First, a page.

On the forward link of a satellite communication system, orthogonality among different codes is effectively maintained because the signals originate at the same location, namely at the hub or gateway that provides communication service to one or more remote terminals. Where several gateways are used throughout a communication system, they are generally configured to use a common timing source, such as the phase of signals detected from Global Positioning System (GPS) satellites, which employ a form of what is referred to as Universal Time. Alternatively, gateways can be in communication with each other and/or a timing signal reference may be used to provide a synchronization mechanism.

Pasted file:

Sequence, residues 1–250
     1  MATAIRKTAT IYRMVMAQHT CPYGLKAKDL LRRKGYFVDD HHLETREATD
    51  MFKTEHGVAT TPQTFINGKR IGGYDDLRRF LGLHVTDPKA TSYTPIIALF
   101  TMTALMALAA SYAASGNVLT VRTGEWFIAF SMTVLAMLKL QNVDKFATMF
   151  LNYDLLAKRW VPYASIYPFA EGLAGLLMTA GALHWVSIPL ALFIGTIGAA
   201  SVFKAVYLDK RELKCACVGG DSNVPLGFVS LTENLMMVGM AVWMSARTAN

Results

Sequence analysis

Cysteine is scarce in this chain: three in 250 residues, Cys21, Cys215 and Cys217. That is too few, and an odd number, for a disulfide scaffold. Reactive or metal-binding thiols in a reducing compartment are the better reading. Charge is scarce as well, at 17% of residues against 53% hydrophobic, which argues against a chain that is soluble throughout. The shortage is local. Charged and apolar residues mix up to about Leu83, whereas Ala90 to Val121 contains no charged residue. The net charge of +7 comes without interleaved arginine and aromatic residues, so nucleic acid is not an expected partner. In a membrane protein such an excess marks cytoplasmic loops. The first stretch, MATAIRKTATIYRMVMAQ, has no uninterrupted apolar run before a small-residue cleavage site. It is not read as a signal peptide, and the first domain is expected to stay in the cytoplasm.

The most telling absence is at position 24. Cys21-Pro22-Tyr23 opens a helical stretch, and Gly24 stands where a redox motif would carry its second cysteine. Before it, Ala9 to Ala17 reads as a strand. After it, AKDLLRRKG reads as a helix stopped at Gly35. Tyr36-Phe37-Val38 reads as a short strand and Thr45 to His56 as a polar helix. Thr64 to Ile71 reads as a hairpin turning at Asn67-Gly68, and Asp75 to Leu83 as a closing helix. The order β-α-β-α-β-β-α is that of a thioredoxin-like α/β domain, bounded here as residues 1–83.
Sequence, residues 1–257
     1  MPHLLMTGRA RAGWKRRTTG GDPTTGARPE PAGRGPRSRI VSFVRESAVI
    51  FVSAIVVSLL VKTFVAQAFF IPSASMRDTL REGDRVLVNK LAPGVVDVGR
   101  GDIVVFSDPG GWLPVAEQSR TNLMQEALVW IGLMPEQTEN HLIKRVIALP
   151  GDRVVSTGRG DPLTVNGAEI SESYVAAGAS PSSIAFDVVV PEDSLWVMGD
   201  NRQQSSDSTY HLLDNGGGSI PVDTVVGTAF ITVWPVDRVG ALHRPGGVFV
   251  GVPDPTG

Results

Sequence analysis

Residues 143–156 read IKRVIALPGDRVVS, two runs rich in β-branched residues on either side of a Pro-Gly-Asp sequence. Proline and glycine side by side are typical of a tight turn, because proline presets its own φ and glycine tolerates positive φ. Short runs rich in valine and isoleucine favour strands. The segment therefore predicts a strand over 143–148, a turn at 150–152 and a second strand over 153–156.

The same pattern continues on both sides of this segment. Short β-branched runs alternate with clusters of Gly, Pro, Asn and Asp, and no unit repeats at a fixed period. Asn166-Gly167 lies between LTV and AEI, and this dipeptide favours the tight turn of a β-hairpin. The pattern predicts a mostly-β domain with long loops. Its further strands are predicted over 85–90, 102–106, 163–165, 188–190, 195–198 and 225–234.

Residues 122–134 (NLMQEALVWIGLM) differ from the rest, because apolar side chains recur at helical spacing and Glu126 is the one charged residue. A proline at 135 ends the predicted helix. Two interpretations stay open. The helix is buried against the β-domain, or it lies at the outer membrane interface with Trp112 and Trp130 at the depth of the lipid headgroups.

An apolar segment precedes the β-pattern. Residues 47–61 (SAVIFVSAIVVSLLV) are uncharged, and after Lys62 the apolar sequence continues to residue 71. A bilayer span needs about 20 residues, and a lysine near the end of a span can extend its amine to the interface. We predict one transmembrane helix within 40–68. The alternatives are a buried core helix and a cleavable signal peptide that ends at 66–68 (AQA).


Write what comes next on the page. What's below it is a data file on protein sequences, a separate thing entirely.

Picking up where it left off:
OCDMA/OFDMA techniques may also be used in the return or reverse link paths of a satellite and aerial communication systems, that is, for signals transferred from terminals to a hub or gateway or from airplanes to a ground station. The use of OCDMA in the return signal is disclosed in co-pending U.S. patent application Ser. No. 10/603,421, filed on Jun. 23, 2003 under the title “Orthogonal Code Division Multiple Access on Return Link.” Generally, for signals being transferred by terminals on the return link, there is no common synchronization mechanism. Accordingly, signals transmitted from different terminals may arrive asynchronously at the gateway(s) due to their different propagation delays. Therefore, while satellite communication systems can easily incorporate OCDMA or and OFDMA for use on forward links, it is more difficult to use this technique on the reverse links. Moreover, mobility creates additional problems in synchronizing the time bases and frequencies of the transmit signals in the reverse link paths.